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IND vs ENG, 2024: Reasons why India lost against England in Hyderabad

India vs England, 2023-24: Three Reasons why India lost against England in Hyderabad.

India vs England, 2023-24: Three Reasons why India lost against England in Hyderabad. Walking Wicket (Images_ ©BCCI_Twitter)
India vs England: India leaked way to many runs in 2nd innings (Images: ©BCCI/Twitter)

Even after dominating the Hyderabad test against England for three days, Team India faced a 28-run defeat on day four of the opening test at Rajiv Gandhi International Stadium. Opinions vary on whether test cricket triumphed or if India lacked a strategic plan. The undeniable truth, however, is that England emerged as the superior team, equipped with a more effective strategy to counter every plan put up by Rohit Sharma and Co.

Let’s analyse what went wrong for the home side.

England had better plans

England strategically crafted their game plan in Abu Dhabi ahead of the Test series against India. Their meticulous preparation involved a ten-day training camp in the UAE, which even led them to arrive three days before the inaugural Test in Hyderabad. The intensive camp was characterized by the Three Lions immersing themselves in simulated match scenarios, specifically tailored to tackle the probing Indian spin attack. These practice sessions were done on spin-friendly pitches at the Sheikh Zayed Sports Hub, designed to mimic the anticipated challenges.

The results were obvious. As the English players graced the field, their match readiness was palpable, contrasting sharply with the Indian team's apparent lack of discipline across all facets of the game. Captain Ben Stokes, displaying bold decision-making, opted for just one pacer in the playing XI. England's offensive approach against the Indian spinners was centred around the calculated use of the sweep and reverse sweep, a familiar tactic in their cricketing history.

The player of the match, Ollie Pope, in his 196 runs innings used sweep and reverse sweep like a simple daily shot which went uncracked by the Indian spinners. None of the Indian spin wizards including R Ashwin, R Jadeja and Axar Patel looked to have a rock-solid plan against England’s bazball.

India vs England, 1st Test, Day 2_ KL Rahul 86, Ravindra Jadeja's 81 gave India 176 run lead Walking Wicket (Images_ ©BCCI_Twitter)
Rahul, Jadeja had a great outing in 1st innings (Images: ©BCCI/Twitter)

Unstable Indian batting 

The instability in the middle-order batting was a prominent aspect of both teams' performances during the Test match. Although the opening partnerships on either side managed to fulfil their roles, the middle order struggled to establish stability, leading to a significant impact on the overall outcome. While both lower orders exhibited resilience and frustrated the opposing teams, a pivotal distinction emerged through the ability of one English batter to anchor lengthy innings—an accomplishment that none of the Indian counterparts could replicate.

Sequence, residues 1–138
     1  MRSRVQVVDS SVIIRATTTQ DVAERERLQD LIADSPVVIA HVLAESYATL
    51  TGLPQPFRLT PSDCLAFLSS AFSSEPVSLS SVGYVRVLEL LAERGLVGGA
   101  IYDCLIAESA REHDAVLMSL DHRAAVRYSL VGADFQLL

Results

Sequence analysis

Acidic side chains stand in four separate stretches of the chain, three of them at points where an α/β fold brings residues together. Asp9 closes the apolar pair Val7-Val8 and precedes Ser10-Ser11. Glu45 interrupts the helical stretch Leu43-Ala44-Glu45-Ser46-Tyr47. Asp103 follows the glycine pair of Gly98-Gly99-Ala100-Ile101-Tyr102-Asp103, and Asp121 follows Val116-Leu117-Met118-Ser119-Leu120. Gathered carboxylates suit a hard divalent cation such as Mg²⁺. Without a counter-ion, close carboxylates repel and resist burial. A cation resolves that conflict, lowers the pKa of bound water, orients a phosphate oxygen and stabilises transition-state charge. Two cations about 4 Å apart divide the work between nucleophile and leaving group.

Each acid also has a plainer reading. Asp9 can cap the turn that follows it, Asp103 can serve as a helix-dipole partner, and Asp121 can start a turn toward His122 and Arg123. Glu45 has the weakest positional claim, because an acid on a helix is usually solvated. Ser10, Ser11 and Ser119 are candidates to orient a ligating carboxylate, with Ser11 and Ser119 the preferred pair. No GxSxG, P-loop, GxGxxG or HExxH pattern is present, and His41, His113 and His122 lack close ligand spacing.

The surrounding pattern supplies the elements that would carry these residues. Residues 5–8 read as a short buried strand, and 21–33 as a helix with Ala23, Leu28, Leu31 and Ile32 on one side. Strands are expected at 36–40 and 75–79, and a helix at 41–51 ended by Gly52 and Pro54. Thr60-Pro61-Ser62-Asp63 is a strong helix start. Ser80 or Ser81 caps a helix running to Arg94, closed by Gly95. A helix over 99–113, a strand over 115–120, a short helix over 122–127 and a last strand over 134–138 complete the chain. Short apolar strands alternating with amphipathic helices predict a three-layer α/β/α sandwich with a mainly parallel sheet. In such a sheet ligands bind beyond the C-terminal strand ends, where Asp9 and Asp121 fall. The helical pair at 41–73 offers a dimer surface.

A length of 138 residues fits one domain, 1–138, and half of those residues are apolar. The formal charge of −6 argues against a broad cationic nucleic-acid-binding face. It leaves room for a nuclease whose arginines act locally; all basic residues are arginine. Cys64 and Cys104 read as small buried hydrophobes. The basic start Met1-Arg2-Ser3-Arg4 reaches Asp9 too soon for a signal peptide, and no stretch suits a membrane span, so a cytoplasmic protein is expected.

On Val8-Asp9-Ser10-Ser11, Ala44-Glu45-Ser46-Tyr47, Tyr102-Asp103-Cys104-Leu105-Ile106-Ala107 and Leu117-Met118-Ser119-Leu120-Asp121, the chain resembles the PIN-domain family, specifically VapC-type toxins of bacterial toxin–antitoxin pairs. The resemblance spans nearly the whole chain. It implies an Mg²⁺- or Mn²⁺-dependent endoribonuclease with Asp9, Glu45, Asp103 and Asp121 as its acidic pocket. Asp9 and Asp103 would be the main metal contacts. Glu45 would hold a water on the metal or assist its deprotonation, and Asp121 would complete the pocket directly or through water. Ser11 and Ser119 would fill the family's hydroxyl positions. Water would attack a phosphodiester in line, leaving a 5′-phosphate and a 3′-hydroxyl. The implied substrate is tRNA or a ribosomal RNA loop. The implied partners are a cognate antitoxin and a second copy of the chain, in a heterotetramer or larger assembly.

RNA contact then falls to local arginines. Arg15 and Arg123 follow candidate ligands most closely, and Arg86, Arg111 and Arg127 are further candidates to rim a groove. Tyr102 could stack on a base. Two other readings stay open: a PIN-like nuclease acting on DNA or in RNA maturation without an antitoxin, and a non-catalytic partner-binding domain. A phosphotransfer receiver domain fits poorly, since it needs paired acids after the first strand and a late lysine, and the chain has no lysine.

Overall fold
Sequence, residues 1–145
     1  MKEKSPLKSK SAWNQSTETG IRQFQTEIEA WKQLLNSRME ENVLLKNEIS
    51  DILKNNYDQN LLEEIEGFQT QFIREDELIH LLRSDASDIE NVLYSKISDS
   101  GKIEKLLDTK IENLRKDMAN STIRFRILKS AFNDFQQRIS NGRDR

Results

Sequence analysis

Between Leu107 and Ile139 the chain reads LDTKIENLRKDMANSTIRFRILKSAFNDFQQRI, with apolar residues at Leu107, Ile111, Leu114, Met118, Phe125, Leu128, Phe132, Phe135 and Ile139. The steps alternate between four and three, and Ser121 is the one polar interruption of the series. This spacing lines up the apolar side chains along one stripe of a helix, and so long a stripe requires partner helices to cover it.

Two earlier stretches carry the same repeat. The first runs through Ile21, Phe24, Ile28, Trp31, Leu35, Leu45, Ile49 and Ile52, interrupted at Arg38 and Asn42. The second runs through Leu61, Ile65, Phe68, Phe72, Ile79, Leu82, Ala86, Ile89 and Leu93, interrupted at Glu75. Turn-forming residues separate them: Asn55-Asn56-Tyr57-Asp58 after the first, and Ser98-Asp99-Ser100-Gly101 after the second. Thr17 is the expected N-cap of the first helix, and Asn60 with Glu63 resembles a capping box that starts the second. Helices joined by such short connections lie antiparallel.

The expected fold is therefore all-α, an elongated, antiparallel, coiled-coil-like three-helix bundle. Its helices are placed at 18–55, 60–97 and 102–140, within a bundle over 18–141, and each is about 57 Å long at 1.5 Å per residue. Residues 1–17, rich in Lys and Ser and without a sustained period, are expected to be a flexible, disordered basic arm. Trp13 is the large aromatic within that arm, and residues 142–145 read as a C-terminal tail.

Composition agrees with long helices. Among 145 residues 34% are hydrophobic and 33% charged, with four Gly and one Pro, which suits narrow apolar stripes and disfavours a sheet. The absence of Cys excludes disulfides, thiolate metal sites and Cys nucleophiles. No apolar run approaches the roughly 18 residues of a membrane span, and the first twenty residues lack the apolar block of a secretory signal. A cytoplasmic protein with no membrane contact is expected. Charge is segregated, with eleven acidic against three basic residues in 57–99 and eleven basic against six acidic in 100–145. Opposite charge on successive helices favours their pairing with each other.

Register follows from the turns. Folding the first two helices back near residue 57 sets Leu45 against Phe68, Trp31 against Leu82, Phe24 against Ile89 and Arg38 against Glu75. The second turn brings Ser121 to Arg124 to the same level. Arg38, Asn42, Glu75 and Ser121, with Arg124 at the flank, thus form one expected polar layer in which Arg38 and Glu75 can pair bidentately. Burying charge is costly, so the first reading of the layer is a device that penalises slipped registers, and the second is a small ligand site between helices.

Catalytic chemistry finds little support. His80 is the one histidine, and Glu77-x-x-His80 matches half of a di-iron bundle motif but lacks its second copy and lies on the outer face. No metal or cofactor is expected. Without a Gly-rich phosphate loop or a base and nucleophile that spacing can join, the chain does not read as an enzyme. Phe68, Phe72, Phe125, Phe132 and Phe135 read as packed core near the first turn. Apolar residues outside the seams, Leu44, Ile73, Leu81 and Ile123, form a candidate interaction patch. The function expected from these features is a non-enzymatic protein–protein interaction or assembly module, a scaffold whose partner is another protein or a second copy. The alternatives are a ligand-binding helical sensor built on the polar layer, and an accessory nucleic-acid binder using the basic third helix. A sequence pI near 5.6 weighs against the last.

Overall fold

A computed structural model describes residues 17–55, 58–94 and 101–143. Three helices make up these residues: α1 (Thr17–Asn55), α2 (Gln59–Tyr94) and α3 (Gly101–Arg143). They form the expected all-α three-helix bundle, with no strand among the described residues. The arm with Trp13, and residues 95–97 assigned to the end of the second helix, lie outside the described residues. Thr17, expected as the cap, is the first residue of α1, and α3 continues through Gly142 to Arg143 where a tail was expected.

However, KL Rahul played a commendable knock with a stylish 86 in the first innings, yet the highest scores from Shubman Gill and Shreyas Iyer were limited to 35 runs each. The Indian team faced setbacks, losing 3 wickets for 100 runs in the first innings and 4 wickets for 65 runs in the second. 

Statistical analysis reveals Rahul's impressive average of 41 in India, with Shreyas and Gill averaging 37 and 29, respectively. Despite the early stage of their careers, the emergence of prolific run-scorers like Rajat Patidar and Sarfaraz Khan in domestic cricket hints at the possibility of exploring alternative options for the positions held by Ajinkya Rahane and Cheteshwar Pujara.

Dull bowling in the fourth innings

In the bowling department, the Indian spinners struggled to execute a well-thought-out strategy against the aggressive English batters, especially in the fourth innings. Their inconsistency and inclination towards quicker deliveries and varied variations played into the hands of the opposition. Joe Root and Hartley from the English side showed that simplicity in approach, focusing on a stump-to-stump line, which proved effective in disorienting the Indian batters.


The Indian spinners bowled at speeds ranging from late 80 to early 90 kmph, while their English counterparts bowled in the late 70 to early 80 kmph range, thereby gaining more spin and grip from the pitch. The statistics reveal the Indian spinners conceding 3.81 and 4.11 runs per over in the two innings, highlighting their inability to control the English batters and providing them the freedom to maintain their aggressive batting approach.


Axar Patel, popularly known as Bapu, dropped the catch of Ollie Pope, which was not the sole reason, but was one of the major reasons leading to India’s defeat. Although considered a cliché, the relevance of catches persists in every cricket match. Patel's crucial dropped catch of Pope at 110, with the score at 257 for five, became a turning point. Pope and Ben Foakes were then at a 94-run partnership for the sixth wicket, with England only 67 runs ahead. A wicket then could have stalled England's progress, potentially lowering the target for India. After the drop catch, Pope went on to add another 86 runs and took the game away from India.


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